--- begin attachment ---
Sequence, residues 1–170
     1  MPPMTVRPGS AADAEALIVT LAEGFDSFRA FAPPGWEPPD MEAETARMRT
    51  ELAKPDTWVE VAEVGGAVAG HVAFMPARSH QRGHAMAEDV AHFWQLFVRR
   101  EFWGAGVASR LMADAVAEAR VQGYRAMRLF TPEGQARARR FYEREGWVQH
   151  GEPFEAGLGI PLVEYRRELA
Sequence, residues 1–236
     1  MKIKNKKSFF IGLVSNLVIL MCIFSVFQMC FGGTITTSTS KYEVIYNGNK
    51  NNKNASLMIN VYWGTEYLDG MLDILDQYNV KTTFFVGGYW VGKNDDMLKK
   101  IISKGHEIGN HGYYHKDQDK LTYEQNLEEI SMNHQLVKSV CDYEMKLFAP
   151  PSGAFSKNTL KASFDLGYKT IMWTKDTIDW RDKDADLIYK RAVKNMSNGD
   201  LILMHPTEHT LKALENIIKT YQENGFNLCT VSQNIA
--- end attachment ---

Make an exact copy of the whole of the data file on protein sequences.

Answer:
Sequence, residues 1–170
     1  MPPMTVRPGS AADAEALIVT LAEGFDSFRA FAPPGWEPPD MEAETARMRT
    51  ELAKPDTWVE VAEVGGAVAG HVAFMPARSH QRGHAMAEDV AHFWQLFVRR
   101  EFWGAGVASR LMADAVAEAR VQGYRAMRLF TPEGQARARR FYEREGWVQH
   151  GEPFEAGLGI PLVEYRRELA
Sequence, residues 1–236
     1  MKIKNKKSFF IGLVSNLVIL MCIFSVFQMC FGGTITTSTS KYEVIYNGNK
    51  NNKNASLMIN VYWGTEYLDG MLDILDQYNV KTTFFVGGYW VGKNDDMLKK
   101  IISKGHEIGN HGYYHKDQDK LTYEQNLEEI SMNHQLVKSV CDYEMKLFAP
   151  PSGAFSKNTL KASFDLGYKT IMWTKDTIDW RDKDADLIYK RAVKNMSNGD
   201  LILMHPTEHT LKALENIIKT YQENGFNLCT VSQNIA